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HISTORIC CONTEXT

aka Bear Gulch

aka Sheepeater

Although the Jardine District, located in the vicinity of the town of Jardine in the upper Yellowstone River valley, was initially known for its placer mining, the success of the lode mining quickly outweighed placer returns. The district, along with the New World district, contributed most of the development and production reported in Park County.

Sahinen (1935) and Wolle (1963) have conflicting reports about this district. Sahinen states that although placer gold was discovered in this district in 1866 the area was not actively developed until the 1880s because it was part of the Crow Indian reservation. During the 1880s the land was withdrawn from the reservation and mining progressed. According to Wolle (1963) placer gold was discovered in this district at the mouth of Bear Gulch during the winter of 1865-66 by "Uncle" Joe Brown and two other prospectors. In May, after a few weeks' work, they recovered $1,800 in gold. From then until 1884, Brown and his partner Vilas worked their property searching for rich deposits in the creek. Between 1875 and 1877, Brown and the other placer miners constructed a system of ditches to the several bars. These ditches, which cost several thousand dollars, were used long after their builders abandoned them.

Quartz deposits were uncovered in the 1870s by James Graham and "Uncle" Joe Brown on a slope later known as Mineral Hill. They were not developed until 1877 when Graham, Brown and Heffner built an arrastra at the Legal Tender claim but found the ore too refractory to yield to that method of extraction. Within a year or two, other lodes were discovered, but little was done with them until Brown sold his claim to Major Eaton and Sturgess, who extensively developed their interests. Placer claims were explored by tunnels and drifts, and a channel 206 feet wide was uncovered. Their corporation, the Bear Gulch Placer Company installed hydraulic equipment which consisted of a giant "served by 1200 feet of 12-inch pipe". The equipment was the most powerful placer mining apparatus in the world with as vertical drop of 400 feet. Ironically, the operation only recovered $100 in gold. Eaton also erected a combination five-stamp mill and sawmill on Bear Creek to handle the oxidized surface ores from the lode claims. This ran successfully for two years, but disagreements among the stockholders and the difficulty of hauling the ore to the railroad at Cinnabar forced a shutdown in 1866. Local reports suggest that only about five ounces of gold were actually recovered from Bear Creek.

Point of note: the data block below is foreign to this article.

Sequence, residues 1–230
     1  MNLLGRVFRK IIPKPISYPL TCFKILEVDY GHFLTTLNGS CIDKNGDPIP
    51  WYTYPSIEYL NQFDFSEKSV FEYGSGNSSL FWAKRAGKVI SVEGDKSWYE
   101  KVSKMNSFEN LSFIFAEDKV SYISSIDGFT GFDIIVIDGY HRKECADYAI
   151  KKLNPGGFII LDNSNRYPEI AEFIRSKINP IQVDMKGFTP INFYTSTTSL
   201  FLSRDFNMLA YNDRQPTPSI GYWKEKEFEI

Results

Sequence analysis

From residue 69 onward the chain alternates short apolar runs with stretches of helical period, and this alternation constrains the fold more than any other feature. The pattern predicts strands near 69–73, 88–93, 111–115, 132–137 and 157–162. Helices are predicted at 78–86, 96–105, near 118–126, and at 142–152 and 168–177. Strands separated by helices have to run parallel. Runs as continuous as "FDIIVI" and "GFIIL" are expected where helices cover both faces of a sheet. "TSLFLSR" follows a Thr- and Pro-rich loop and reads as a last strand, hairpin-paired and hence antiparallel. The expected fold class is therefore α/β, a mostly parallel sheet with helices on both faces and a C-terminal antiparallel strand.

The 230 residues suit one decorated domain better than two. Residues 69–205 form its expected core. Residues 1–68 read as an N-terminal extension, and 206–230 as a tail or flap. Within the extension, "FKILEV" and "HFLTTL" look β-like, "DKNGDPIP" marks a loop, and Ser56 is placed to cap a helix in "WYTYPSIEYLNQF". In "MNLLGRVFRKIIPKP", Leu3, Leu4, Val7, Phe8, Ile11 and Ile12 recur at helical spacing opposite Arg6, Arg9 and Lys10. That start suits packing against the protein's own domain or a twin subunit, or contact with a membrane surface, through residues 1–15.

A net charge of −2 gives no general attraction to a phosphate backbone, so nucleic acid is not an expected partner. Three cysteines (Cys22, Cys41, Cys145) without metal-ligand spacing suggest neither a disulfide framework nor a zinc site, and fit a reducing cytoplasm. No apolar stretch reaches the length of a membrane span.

In 1890 Edgerton & Jewell of Helena reopened the Eaton mill and added five stamps. The property operated successfully until the panic of 1893 brought another shutdown. The district was fairly quiet for the next five years and in July, 1898 the district came alive with the arrival of Harry Bush who actively promoted the area. Bush negotiated a three-year lease with E. F.Wilson, the receiver for the First National Bank of Helena, which held the Edgerton-Jewell properties on Mineral Hill. Bush then organized the Bear Gulch Mining Company and secured investors to help begin operations. He enlarged the Eaton mill to twenty stamps and after installing new vanners and tables, successfully milled the oxidized ores. He also concentrated on laying out the townsite of Jardine. Within a year, 130 new buildings were erected and the district was booming.

Bush organized another corporation, the Revenue Mining Company, to take over the property of the Bear Gulch Mining Company and to acquire addition claims. Eventually, due to inadequate mine development, insufficient funds, and reckless spending, the company was brought into receivership and work was suspended by litigation. In 1901, Bush was forced out of the mining company and, after more litigation, control of the Revenue Mining Company and the Bear Gulch Mining company was acquired by "Cabbage Ryan" and Peter L. Kimberly. In the spring of 1903, Ryan and Kimberly consolidated these properties with Kimberly's inactive mining company and organized the Kimberly - Montana Gold Mining & Milling Company. Under Ryan's supervision a hydro-electric plant was built in Bear Gulch and a 150-ton cyanide plant was erected near the mines. Plans called for another 40-stamp mill and a future plant with 500 stamps. Underground drilling was done with the aid of a new air compressor. The improvements were useful, but more costly than the company could afford. The company was faced with financial setbacks and was unpopular in Jardine. However the company was credited with the discovery of scheelite, a tungsten deposit of commercial importance. Although the Kimberly-Montana Company shipped several hundred tons of scheelite in 1906 it still failed. Once again legal entanglements stopped work in the district.

The mine changed hands three times before a settlement was made in 1917. The Jardine Gold Mining &Milling Company acquired the property and equipment in 1914 through a bondholders' foreclosure sale. By this settlement the Jardine Gold Mine and Milling Company owned just about everything in Bear Gulch; a large group of developed mines, twenty-three patented claims, a townsite, hydro-electric plant, and 350 additional acres. Mining and milling of gold and low-grade scheelite ores commenced within the year and continued until 1921, when the properties were purchased by the Jardine Mining Company and refinanced. Ore rich in arsenopyrite was discovered, and concentrates shipped to Tacoma in 1922 averaged 38 percent arsenic trioxide (commonly known as white arsenic). A complete arsenic plant which cost $125,000 was built in 1923 to produce both crude and refined arsenic trioxide from arsenical gold concentrates. The plant operated almost continuously from 1923 to 1926 and again from 1932 to 1936. The plant closed in 1942 due to war-time restrictions. However, the continued need for arsenic resulted in a Federal government contract to rehabilitate the plant and install new equipment. White arsenic was delivered to Metals Reserve Company; over a two-year period from January, 1944 through 1945. On May 8, 1948, fire destroyed the cyanide plant, and on July 15, the Jardine Mining Company closed the mill. During its years of operation, the mill treated 33,416 tons of gold ore, much of it from the mine immediately outside Jardine From 1902 to 1947 the district produced continuously, yielding 171,408 ounces of lode gold; 407 ounces of placer gold; 33,262 ounces of silver; 4,368 pounds of copper; and 1,292 pounds of lead. A total of 925,959 tons of ore were sold or treated during this time (Reed 1950; Wolle 1963).